In the beginner’s mind there are many possibilities, in the expert’s mind there are few. — Shunryu Suzuki
By nature, I am happiest when I am running, hiking or dancing around my kitchen. My children were dragged onto trails and ski hills from a very early age, I must admit, not so much so they would learn, but so I could get back to what I dearly missed. I’m also in love with learning and then sharing what I have picked up along the way. And I adore my family and friends and my favorite cup of tea and the quiet around our house and…there’s a lot to which I am very attached.
Threaten the above list and I get jumpy. Really threaten to remove my favorites, and I find myself in thrown into tough times. At the most dramatic level of loss, “If I don’t have what I love, what makes life worth living?” can become a scary question looming within us.
From a brain perspective, our limbic system, located in the center of our heads, controls our attachments. As authors Lewis, Amini and Lannon describe in A General Theory of Love, when we bond with someone or something, the limbic system emits a pleasing blend of chemicals. We like those chemicals and want to keep them coming. Think of the Labrador retriever outside the grocery store howling for her milk-buying human. If she could translate her brain signals into English, she might be heard to say “I miss my oxytocin, give me baaaaaack my oxytocin!
I like oxytocin, which courses through my cerebral region when I hug my children or cuddle up next to my husband. As I have also admitted above, I’m also a big fan of the endorphins that I emit when exercising. The more I learn more about my brain, I must make peace with what might appear as a fairly healthy lifestyle, is actually another “better living through chemicals” advertisement.
So, when I asked my aunt-in-law, who at 81 remains vibrant and fully engaged in life how she does it, her answer resonated deeply. Seven years ago she lost her husband. At an early age her father and mother passed away. Her brother died of a heart attack in his early forties and there have been other major disappointments along her path. Yet, I can talk with her about anything. She travels all over the world and is always up for a wild new experience. Despite all the loss, she also really, really loves me.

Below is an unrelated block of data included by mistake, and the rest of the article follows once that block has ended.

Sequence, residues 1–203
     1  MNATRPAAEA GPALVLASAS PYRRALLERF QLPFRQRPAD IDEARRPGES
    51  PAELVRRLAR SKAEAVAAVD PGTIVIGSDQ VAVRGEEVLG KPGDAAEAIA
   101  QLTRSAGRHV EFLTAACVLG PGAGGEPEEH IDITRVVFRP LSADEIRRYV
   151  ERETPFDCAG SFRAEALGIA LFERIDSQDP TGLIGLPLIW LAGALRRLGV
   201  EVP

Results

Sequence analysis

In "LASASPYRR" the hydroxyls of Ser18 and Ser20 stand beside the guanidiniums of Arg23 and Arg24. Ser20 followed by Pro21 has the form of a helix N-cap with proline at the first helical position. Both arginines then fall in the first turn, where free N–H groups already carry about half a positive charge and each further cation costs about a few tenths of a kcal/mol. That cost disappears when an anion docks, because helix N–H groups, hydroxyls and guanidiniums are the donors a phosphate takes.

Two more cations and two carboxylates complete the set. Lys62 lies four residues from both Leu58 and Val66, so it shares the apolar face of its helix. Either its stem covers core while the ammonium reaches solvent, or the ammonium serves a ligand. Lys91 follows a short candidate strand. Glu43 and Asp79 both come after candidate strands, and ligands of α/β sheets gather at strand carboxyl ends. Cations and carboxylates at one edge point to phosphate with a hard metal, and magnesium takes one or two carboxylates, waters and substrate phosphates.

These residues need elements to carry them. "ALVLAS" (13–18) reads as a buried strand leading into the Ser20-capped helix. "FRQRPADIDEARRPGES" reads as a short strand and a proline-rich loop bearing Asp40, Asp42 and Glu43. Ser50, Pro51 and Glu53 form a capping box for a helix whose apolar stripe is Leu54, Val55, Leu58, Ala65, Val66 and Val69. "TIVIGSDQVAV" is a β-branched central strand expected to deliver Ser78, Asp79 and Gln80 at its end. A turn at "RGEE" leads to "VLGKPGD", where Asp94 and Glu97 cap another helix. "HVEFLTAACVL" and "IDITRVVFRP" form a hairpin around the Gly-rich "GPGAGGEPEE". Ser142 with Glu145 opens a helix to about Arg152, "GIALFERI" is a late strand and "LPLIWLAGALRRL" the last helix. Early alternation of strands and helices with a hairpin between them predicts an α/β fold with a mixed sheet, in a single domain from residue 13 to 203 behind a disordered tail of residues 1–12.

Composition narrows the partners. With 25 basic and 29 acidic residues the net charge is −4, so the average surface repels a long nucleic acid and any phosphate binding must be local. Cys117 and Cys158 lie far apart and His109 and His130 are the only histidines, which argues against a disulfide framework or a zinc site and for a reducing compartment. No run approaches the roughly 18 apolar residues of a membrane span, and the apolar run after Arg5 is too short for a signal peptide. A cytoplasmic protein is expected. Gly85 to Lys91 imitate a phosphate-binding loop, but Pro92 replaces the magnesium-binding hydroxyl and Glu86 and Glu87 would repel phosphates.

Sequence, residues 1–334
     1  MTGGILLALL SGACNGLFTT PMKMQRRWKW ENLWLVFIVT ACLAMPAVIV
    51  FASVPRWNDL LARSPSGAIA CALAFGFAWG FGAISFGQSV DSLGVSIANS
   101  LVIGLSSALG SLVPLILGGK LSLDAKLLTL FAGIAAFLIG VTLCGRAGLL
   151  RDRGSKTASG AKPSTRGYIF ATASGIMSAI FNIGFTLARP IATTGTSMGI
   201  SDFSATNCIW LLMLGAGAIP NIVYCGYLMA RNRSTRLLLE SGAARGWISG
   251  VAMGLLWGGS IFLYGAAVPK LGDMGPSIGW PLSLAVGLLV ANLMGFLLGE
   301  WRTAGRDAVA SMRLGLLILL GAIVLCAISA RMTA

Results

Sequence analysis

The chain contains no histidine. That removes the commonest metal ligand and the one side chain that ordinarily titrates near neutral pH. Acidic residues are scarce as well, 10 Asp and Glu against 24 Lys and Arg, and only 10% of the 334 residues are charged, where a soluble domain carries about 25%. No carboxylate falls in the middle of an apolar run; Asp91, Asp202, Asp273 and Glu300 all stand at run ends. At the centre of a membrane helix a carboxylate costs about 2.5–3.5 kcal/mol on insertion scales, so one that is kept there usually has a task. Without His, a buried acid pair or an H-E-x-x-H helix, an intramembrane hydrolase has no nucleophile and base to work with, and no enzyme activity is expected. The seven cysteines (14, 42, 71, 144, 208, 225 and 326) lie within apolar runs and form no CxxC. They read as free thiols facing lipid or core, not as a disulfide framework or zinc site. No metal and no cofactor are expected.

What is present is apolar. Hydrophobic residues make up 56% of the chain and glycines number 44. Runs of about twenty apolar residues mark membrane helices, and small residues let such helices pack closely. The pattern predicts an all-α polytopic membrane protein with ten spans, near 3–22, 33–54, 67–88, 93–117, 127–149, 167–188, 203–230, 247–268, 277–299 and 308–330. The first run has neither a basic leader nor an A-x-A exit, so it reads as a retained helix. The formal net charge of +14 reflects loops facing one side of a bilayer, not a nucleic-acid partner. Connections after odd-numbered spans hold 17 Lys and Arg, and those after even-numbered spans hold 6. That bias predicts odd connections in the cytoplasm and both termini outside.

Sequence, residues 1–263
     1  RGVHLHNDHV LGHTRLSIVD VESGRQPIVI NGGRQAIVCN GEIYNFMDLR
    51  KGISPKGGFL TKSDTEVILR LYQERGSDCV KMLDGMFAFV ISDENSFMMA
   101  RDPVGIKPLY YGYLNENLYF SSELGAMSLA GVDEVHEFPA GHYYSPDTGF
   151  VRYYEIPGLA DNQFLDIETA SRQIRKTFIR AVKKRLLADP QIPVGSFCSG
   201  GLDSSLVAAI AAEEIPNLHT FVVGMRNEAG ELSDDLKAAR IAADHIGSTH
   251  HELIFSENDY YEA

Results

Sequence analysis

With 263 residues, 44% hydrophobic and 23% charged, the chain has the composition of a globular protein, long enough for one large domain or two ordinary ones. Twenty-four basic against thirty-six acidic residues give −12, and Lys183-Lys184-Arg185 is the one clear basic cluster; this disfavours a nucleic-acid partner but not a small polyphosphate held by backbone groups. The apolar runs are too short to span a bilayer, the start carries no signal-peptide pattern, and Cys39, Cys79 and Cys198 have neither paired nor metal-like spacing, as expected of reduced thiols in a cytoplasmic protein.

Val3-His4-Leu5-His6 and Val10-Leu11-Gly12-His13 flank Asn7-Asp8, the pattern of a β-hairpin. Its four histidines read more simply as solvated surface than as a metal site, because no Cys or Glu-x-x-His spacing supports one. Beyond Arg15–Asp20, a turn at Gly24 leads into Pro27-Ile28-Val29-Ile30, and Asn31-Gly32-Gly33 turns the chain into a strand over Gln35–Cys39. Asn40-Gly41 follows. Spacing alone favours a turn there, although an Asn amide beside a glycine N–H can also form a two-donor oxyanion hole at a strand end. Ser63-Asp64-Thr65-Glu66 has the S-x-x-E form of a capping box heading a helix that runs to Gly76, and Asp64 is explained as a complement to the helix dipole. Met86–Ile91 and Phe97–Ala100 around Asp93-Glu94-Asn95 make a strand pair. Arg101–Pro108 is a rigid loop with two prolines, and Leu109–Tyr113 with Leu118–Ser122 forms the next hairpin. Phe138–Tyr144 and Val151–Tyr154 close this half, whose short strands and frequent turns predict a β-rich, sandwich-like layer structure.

Her answer to my question was simple. “I don’t know really why I am in such good shape,” she told me, “but I have noticed that I have had to learn to love in different ways.”
In these words, I first find the cross-cultural tenet of approaching every situation with an open attitude. The martial artists name meeting every challenge with an “I don’t know” as shoshin or fostering a Beginner’s Mind. Around the world it is posited that only in not knowing can we ever learn.
I was reminded of this snippet of wisdom as I taught the “Thriving Through Tough Times” course in January. One of the grandmothers clearly emitted my aunt’s joy-filled demeanor and was deeply admired professionally and personally by her long-term friends in the group. As we talked about surviving tough times, her friends urged her, “Tell Deidre The One Assumption,” “Yes, tell her, tell her.” She smiled and threw up her hands with a bit of a giggle and responded, “OK, the one assumption I always try to make is…that I don’t know anything.” As I made her acquaintance over the weekend, it was clear that she knew a whole lot more than I did, and in that lay the poetry.
My aunt in her response didn’t tell me not to love. She wasn’t saying to love less so it would hurt less when inevitable change occurs. Her subtle advice urged me to continue to love deeply, let those feelings and chemicals flow, but also to keep learning how to adjust to change. Keep learning how to love to dance, even if you find yourself with one leg, as Reynaldo Ojeda models in the attached video clip.
Find different ways to adore your loved ones even after they have departed your home or left this earth. Keep practicing new forms of love as those that we love change form. I think that is one of the lessons, but I shouldn’t really “know” now, should I?